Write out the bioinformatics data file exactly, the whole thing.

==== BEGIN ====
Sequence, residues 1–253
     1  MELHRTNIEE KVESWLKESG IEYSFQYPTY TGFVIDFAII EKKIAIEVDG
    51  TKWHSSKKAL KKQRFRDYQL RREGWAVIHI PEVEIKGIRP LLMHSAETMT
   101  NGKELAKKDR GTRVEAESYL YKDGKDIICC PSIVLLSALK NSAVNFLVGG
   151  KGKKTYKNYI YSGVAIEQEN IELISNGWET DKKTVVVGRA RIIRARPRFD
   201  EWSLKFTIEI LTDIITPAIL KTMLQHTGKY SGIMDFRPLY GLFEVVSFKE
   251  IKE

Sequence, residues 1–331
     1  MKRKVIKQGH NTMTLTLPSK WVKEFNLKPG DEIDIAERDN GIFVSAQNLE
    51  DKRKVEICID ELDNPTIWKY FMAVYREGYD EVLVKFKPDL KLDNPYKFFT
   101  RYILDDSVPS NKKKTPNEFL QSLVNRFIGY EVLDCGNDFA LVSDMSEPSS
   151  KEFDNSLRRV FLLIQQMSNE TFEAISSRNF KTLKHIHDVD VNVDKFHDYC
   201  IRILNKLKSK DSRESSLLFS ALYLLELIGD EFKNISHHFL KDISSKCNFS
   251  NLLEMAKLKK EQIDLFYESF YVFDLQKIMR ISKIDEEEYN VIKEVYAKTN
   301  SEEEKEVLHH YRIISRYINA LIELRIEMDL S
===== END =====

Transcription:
Sequence, residues 1–253
     1  MELHRTNIEE KVESWLKESG IEYSFQYPTY TGFVIDFAII EKKIAIEVDG
    51  TKWHSSKKAL KKQRFRDYQL RREGWAVIHI PEVEIKGIRP LLMHSAETMT
   101  NGKELAKKDR GTRVEAESYL YKDGKDIICC PSIVLLSALK NSAVNFLVGG
   151  KGKKTYKNYI YSGVAIEQEN IELISNGWET DKKTVVVGRA RIIRARPRFD
   201  EWSLKFTIEI LTDIITPAIL KTMLQHTGKY SGIMDFRPLY GLFEVVSFKE
   251  IKE

Sequence, residues 1–331
     1  MKRKVIKQGH NTMTLTLPSK WVKEFNLKPG DEIDIAERDN GIFVSAQNLE
    51  DKRKVEICID ELDNPTIWKY FMAVYREGYD EVLVKFKPDL KLDNPYKFFT
   101  RYILDDSVPS NKKKTPNEFL QSLVNRFIGY EVLDCGNDFA LVSDMSEPSS
   151  KEFDNSLRRV FLLIQQMSNE TFEAISSRNF KTLKHIHDVD VNVDKFHDYC
   201  IRILNKLKSK DSRESSLLFS ALYLLELIGD EFKNISHHFL KDISSKCNFS
   251  NLLEMAKLKK EQIDLFYESF YVFDLQKIMR ISKIDEEEYN VIKEVYAKTN
   301  SEEEKEVLHH YRIISRYINA LIELRIEMDL S